There are currently 230 British English lessons in the Britlish Library and I regularly add new lessons. The grid below shows you the 230 lessons available arranged alphabetically from A to Z. Use the navigation buttons to look through them. If you want to concentrate on a particular area of English, choose the category view instead.
I have categorised the lessons in the Britlish library into the following categories: English in Use lessons, Exams and Tests lessons, Grammar lessons, Humour lessons, Idioms lessons, Information lessons, Literature lessons, Phrasal Verbs lessons, Sounds British Pronunciation lessons, Spelling lessons, Vocabulary lessons, Writing lessons, Sounds Rude lessons, and more.
You can select all of the lessons in each of the categories by clicking on any of the images or links below.
Regular verbs form their past tense by adding ed. Irregular verbs have a past tense form that you must learn individually. Remember, too, that the continuous aspect of the past tense is marked by the auxiliary verb be plus the ing form of a verb. If you see the verb be followed by an ing form, it’s the continuous aspect. Verb to be plus ing! is really all you need to know to identify the continuous aspect. So, if had plus a past participle gives us the perfect aspect, and be +ing gives us the continuous aspect, then together we get the past tense, perfect continuous aspect. I had been teaching in schools for 5 years before I decided to teach exclusively online using Skype. While it is easy to name the aspects and the tenses, what is less clear is how, when, and where we should use the past perfect continuous. In this Grammar Activation Pack we will look at the past tense, perfect continuous aspect. The past tense tells us about things which happened in the past. The perfect aspect uses a past participle, and this also talks about the past. The continuous aspect talks about something happening over a period of time; in this case from an earlier time in the past to another later time in the past. Like the past perfect, the past perfect continuous talks about an earlier past in a later past. Let’s look at some examples of usage to see what this means. This British English grammar is essential for all students of English and the many exercises in the pack will help you master it quickly and enjoyably.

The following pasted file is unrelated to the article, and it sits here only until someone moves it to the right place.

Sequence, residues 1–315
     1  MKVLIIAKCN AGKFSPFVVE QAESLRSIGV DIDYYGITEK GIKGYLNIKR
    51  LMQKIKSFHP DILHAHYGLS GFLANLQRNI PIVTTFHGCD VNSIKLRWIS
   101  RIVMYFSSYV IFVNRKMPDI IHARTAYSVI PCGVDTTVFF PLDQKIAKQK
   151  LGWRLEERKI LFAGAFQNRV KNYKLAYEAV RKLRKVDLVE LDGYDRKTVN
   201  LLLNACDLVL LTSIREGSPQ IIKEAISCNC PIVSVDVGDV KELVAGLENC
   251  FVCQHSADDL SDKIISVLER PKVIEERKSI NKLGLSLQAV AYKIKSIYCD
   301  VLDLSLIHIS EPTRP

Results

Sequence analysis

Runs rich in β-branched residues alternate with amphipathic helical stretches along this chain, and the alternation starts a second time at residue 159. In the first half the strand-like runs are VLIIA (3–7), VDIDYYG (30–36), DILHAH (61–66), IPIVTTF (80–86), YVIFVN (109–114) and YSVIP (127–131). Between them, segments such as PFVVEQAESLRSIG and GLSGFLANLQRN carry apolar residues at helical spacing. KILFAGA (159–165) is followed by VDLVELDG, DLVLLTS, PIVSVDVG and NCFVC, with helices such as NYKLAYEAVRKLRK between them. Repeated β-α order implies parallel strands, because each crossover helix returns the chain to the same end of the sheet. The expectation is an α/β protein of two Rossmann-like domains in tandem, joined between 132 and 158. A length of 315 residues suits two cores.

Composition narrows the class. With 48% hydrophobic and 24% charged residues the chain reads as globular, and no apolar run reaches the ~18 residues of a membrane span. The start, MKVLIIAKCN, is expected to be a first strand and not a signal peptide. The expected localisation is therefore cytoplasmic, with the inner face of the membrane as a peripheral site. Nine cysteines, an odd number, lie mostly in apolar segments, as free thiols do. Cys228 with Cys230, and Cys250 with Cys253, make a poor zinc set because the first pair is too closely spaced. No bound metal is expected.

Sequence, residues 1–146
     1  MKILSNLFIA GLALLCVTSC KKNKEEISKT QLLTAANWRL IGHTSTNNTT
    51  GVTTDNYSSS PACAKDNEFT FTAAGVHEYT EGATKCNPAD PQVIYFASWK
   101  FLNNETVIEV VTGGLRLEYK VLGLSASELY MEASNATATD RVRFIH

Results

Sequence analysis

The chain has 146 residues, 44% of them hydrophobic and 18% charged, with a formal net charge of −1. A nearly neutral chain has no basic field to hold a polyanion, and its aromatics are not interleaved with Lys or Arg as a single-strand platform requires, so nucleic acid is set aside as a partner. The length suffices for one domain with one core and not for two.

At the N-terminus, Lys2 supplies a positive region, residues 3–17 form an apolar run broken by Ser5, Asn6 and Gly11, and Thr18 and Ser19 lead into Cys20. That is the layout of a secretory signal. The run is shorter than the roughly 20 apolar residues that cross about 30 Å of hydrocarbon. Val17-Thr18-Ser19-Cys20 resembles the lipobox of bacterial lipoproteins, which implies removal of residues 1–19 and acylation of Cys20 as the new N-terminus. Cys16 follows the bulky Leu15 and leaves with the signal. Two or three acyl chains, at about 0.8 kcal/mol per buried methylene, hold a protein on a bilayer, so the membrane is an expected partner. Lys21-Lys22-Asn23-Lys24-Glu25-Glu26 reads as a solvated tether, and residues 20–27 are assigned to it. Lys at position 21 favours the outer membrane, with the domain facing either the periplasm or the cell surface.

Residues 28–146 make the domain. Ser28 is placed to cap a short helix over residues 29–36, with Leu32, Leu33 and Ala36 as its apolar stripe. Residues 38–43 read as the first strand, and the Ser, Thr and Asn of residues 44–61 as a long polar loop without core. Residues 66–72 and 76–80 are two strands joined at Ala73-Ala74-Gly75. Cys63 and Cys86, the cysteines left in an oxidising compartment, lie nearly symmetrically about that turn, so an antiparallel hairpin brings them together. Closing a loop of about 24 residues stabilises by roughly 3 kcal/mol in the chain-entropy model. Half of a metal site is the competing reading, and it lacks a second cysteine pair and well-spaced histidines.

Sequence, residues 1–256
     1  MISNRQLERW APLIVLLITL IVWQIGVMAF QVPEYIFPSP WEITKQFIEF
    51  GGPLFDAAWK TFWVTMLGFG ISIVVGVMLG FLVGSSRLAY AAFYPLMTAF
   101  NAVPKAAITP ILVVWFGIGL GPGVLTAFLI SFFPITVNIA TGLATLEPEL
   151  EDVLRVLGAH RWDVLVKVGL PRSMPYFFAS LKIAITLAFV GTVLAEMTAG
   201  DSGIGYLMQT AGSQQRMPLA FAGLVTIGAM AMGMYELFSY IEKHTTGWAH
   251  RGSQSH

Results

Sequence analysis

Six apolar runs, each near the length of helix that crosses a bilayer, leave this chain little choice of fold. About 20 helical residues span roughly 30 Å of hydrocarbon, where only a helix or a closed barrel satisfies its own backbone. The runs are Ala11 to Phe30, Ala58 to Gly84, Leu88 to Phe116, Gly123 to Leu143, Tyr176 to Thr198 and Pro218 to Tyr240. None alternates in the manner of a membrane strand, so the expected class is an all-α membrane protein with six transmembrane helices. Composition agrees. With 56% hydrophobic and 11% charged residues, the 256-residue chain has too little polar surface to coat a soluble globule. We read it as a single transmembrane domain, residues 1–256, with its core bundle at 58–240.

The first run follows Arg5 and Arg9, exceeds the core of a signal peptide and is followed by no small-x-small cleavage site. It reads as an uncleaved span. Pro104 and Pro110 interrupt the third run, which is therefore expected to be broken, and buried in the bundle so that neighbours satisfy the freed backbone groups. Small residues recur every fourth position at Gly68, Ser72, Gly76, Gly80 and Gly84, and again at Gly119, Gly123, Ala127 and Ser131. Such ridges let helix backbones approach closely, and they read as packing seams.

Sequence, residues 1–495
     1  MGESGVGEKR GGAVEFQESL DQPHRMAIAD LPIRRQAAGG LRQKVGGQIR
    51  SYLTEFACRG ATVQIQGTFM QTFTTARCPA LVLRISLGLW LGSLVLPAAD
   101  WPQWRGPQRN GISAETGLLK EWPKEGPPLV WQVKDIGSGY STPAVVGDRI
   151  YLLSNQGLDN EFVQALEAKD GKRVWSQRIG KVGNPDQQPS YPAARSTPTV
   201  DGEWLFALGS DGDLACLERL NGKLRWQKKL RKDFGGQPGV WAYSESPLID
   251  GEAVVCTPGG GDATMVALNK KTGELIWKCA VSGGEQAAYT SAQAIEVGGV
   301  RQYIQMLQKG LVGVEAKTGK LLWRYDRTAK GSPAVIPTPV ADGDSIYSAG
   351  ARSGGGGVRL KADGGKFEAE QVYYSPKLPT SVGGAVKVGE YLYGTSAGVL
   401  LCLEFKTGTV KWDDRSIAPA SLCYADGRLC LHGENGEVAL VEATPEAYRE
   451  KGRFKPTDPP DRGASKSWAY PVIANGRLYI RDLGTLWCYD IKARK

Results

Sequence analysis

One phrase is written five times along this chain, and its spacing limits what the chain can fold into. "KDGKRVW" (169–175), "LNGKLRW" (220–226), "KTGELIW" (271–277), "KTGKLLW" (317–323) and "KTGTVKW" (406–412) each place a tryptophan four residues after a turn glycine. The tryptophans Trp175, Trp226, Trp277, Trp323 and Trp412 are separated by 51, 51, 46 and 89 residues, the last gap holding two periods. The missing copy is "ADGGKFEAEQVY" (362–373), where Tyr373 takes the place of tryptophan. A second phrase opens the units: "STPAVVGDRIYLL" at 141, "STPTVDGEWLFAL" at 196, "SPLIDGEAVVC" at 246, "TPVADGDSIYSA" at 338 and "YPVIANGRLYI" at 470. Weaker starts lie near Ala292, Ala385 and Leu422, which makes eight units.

I told you about the past and present tenses in Grammar Activation Pack 1. I also introduced you to the aspects – simple, continuous, and perfect, and showed you why the three key verbs, do, be, and have, are so important. In Grammar Activation Pack 2, I looked at the Present tense, simple aspect. In this Grammar Activation Pack, I am going to tell you how the first of the key verbs, do, and is used for the simple aspect, past tense. The simple aspect of the past tense is marked by the auxiliary verb did, even when it appears to be missing. You might want to refresh your memory of the hidden do by taking another look at Grammar Activation Pack 1. This British English grammar is essential for all students of English and the many exercises in the pack will help you master it quickly and enjoyably.
English humour can be difficult for non-native English speakers. This is why simple English jokes are a very good way of teaching vocabulary, and why I’ve chosen a very simple joke for this lesson. The jokes goes: A lion walks into a restaurant, sits down and calls the waiter over. The waiter says, “Can I take your order, Sir?” To which the lion says, “I’d like an antelope… steak.” The waiter says, “Of course, Sir. One antelope steak. But why the pause?” The lion says, “Because I’m a lion.” Watch the video and then do the exercises in the Activator. The exercises will help you with your pronunciation skills. There are four homophones in the lesson which have very different spellings but exactly the same sound when spoken.
This Vocabulary Activation Pack will help you to learn, remember, and use the following vocabulary items: a wealth of information, around, at your fingertips, bite off more than you can chew, blow your own trumpet, brush up on, chuffed to bits, coding, get a buzz out of, get your head around, get your teeth into, lean, make headway, mind you, no spring chicken, put off, reach the end of life, rebuild, rewrite, rusty, self-taught, sixty is the new forty, something of an understatement, spot on, streets ahead of, strive to, take the bull by the horns, teach an old dog new tricks, to say the least, and worn out. PHP 7 - A Conversation with the Britlish A.I.
Phrasal verbs are expressions that are natural to native English speakers. They are very confusing for non-native English speakers. They're confusing because phrasal verbs are like idioms and don't always seem to mean what the words say. You cannot literally translate English phrasal verbs into another language. The vocabulary in this lesson is important for students to learn and master. There are a lot of phrasal verbs in this lesson as well as a set of questions which I have designed to help you learn, remember, and use the vocabulary and make it part of your active vocabulary. If you are serious about improving your British English vocabulary, these common British English phrasal verbs are essential. The phrasal verbs are: catch up, drive away, find out, fix up, get off, look round, pick up, run off, take aback, and throw down.
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